Experts say the anger and frustration among millions of Indian workers is likely to hurt the electoral prospects of the ruling BJP, as the countdown to the 2019 national election in April begins.
NEW DELHI — As many as 200 million workers in India took part in a two-day strike on Tuesday to protest the government's labour policies.
The streets of New Delhi reverberated with slogans “Modi Hatao, Desh Bachao” (meaning: remove Prime Minister Modi, save the country), as thousands of workers, including construction workers, bank employees, students, teachers, factory workers and frontline health staff walked off the job and marched towards the Indian parliament on the second day of the strike, to protest against what they describe as Modi’s “anti-worker” labour reforms.
The strike was organised by 10 major trade unions, impacting essential services countrywide, including transportation and the banking sector. The unions accuse the government of ignoring their various demands, ranging from the minimum wage, social security and permanent employee status to adding more employees to government payrolls.
The trade unions also criticise the government's plan to turn 44 existing labour laws into four simplified codes. "They are making drastic changes to kill the labour laws,” said Amarjeet Kaur, National General Secretary of the All India Trade Union Congress (AITUC), one of the leading labour unions in India.
“By codifying the labour laws, the Modi government is actually trying to take away the labour rights provided under laws like Industrial Disputes Act, Trade Union Act, Unorganised Workers’ Social Security Act, etc," he added.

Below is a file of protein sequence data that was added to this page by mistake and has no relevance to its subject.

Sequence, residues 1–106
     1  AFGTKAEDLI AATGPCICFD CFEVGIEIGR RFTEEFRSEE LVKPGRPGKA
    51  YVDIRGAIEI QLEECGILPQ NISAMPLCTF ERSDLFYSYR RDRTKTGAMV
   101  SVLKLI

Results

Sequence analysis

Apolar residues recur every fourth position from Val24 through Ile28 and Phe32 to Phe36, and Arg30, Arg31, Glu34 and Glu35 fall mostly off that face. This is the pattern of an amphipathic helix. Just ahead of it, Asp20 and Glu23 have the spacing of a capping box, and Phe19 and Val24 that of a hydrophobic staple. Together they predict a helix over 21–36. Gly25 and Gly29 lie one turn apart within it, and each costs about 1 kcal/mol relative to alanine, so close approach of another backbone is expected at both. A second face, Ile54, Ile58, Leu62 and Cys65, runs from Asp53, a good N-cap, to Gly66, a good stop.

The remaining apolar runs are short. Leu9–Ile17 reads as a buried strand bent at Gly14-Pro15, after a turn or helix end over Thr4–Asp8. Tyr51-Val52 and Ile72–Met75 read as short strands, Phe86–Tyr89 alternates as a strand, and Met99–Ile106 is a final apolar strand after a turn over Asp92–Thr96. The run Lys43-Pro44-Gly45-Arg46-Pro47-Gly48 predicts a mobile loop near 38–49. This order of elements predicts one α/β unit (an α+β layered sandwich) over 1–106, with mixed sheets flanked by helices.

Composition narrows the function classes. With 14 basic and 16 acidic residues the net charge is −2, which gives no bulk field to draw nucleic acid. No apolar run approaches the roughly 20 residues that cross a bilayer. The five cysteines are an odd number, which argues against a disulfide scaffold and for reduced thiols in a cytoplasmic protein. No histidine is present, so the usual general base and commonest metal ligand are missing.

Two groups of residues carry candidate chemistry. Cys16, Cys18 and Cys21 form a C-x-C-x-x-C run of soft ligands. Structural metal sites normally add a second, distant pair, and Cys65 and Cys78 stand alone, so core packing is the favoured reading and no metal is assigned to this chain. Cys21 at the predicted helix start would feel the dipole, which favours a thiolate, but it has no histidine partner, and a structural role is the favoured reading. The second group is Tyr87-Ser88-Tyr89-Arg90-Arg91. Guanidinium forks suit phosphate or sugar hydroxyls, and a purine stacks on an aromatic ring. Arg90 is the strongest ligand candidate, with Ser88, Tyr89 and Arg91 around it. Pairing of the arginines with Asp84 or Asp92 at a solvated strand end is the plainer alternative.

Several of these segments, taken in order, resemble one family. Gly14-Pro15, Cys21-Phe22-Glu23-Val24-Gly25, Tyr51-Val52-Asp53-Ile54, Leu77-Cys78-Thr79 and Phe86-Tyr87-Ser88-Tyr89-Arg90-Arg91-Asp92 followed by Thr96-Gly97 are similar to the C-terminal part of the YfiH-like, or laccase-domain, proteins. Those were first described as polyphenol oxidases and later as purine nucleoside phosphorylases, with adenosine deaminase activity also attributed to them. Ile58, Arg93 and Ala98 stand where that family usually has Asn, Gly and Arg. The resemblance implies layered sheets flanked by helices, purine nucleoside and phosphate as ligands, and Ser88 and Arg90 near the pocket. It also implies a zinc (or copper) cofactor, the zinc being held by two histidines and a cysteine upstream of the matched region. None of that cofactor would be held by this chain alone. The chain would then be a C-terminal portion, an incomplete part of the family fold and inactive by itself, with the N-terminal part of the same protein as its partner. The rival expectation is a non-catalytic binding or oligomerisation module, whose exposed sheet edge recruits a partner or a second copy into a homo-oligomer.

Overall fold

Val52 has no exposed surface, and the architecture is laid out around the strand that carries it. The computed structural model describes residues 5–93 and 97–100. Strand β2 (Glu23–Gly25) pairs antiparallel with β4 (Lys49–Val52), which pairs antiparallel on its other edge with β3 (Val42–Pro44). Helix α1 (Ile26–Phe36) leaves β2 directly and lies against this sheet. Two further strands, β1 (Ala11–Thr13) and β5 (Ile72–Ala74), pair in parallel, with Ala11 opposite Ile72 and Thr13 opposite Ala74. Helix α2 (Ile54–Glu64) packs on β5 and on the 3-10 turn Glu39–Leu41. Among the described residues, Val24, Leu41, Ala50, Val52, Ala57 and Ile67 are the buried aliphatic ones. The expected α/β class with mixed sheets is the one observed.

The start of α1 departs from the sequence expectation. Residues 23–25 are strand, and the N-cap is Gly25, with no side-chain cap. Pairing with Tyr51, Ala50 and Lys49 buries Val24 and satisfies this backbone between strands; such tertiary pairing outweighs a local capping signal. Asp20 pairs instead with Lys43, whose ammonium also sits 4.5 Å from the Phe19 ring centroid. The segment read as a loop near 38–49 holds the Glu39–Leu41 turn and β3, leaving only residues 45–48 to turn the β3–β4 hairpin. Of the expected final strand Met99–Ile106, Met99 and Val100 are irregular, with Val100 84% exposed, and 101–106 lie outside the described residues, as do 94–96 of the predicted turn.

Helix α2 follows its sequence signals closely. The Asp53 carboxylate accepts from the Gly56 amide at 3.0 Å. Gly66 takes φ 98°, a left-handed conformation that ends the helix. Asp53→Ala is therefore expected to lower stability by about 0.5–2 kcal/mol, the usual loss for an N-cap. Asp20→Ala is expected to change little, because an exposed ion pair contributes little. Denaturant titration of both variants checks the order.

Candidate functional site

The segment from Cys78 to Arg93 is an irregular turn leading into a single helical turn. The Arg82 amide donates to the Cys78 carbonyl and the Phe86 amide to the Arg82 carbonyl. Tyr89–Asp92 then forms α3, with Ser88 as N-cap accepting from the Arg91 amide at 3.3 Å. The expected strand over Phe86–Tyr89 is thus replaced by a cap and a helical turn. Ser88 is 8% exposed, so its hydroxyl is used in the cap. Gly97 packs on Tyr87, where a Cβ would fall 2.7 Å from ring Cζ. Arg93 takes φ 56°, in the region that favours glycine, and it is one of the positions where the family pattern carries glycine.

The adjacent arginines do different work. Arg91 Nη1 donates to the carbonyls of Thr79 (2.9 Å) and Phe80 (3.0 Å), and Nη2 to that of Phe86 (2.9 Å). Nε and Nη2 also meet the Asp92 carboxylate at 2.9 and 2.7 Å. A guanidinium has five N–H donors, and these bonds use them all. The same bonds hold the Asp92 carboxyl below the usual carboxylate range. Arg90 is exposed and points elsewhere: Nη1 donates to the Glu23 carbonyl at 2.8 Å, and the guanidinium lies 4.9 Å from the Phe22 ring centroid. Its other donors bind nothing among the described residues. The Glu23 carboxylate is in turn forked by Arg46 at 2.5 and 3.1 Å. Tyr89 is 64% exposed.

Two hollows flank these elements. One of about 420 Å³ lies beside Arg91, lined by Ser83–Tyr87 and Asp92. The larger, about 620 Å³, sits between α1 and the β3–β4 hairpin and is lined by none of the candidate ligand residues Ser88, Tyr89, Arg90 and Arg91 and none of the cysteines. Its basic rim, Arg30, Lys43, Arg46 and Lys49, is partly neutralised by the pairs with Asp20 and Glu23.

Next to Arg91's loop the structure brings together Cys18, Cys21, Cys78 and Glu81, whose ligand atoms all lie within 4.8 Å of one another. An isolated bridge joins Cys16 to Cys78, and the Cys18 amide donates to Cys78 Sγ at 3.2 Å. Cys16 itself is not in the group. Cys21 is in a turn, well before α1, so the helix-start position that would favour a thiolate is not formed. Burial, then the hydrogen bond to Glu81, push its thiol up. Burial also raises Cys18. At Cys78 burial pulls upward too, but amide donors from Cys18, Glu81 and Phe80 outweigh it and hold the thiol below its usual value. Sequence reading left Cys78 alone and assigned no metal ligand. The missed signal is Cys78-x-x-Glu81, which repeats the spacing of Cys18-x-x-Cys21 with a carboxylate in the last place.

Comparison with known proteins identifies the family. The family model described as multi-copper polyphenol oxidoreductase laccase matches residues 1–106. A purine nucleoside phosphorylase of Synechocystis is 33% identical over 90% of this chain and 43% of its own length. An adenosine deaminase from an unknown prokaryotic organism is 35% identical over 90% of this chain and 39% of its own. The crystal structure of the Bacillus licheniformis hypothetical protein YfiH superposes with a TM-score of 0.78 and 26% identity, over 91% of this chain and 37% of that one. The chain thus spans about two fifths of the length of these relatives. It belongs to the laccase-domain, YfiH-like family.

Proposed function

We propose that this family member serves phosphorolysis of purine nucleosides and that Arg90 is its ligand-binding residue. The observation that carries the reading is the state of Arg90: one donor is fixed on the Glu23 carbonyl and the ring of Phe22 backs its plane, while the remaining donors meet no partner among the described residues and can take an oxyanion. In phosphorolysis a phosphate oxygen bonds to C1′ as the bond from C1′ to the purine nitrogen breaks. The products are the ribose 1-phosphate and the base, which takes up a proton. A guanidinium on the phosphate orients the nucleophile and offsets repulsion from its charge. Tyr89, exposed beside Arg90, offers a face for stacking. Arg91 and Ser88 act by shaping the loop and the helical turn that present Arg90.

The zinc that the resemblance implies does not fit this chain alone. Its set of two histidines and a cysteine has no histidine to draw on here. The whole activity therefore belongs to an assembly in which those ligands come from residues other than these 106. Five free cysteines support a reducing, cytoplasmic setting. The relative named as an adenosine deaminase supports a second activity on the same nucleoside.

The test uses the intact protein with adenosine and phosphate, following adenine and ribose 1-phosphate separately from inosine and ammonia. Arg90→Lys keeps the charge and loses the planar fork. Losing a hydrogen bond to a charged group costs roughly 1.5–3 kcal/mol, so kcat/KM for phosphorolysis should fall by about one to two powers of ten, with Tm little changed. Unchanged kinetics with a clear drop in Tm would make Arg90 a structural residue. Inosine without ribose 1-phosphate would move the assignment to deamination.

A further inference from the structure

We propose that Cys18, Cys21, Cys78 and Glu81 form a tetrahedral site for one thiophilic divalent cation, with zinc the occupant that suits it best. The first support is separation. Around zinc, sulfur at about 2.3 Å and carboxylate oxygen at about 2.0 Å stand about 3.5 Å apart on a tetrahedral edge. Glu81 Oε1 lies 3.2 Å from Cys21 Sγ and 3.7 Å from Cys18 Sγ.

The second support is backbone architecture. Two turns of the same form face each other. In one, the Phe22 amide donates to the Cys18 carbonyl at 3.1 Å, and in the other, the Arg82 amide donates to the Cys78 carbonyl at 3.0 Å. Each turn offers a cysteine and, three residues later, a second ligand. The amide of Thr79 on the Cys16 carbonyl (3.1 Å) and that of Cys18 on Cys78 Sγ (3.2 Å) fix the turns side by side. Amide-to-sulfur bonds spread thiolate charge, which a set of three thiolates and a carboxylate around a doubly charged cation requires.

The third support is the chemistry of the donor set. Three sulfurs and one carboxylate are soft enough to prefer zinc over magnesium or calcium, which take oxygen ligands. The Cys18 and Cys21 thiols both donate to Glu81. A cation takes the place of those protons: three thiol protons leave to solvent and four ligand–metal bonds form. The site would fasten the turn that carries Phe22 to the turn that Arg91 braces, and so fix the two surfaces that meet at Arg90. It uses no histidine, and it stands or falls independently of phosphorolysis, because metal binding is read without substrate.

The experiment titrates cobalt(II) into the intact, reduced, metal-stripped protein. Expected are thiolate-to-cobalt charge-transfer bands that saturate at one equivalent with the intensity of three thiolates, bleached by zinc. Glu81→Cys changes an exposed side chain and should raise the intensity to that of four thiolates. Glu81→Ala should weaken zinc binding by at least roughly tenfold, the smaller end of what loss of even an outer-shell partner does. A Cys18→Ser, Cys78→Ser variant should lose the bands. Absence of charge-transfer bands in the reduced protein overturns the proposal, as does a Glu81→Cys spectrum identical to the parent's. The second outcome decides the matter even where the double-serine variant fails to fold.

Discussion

With just a few months to go before the national elections, this strike may prove to be major roadblock for the ruling Bharatiya Janata Party (BJP) which is still recovering from the losses in the recently held five assembly elections. The defeat in the five states, some of which were BJP strongholds, was also attributed to a massive agrarian crisis and multiple farmer protests across the country.
“If Modi thinks he can bulldoze workers’ rights and their dignity in the service of Ambani and Adani [two of the largest industrial families in India], then this two-day strike all over India has given him a clear answer. This will have a political impact,” Brinda Karat, a politburo member of the Communist Party of India (Marxist) told TRT World.
The government has also been facing criticism for the bill to amend the Trade Unions Act, 1926, which was recently approved by the union cabinet. “Through that amendment, the government is being given the discretion to recognise central trade unions rather than following a tripartite [government, management and labour] process like in the past. The attempt to completely undermine and dilute the labour laws is one of the key issues that is being raised here. Another key issue being raised is the demand of 18,000 rupees minimum wage per month,” Kavita Krishnan, politburo member of the Communist Party of India (Marxist-Leninist), told TRT World.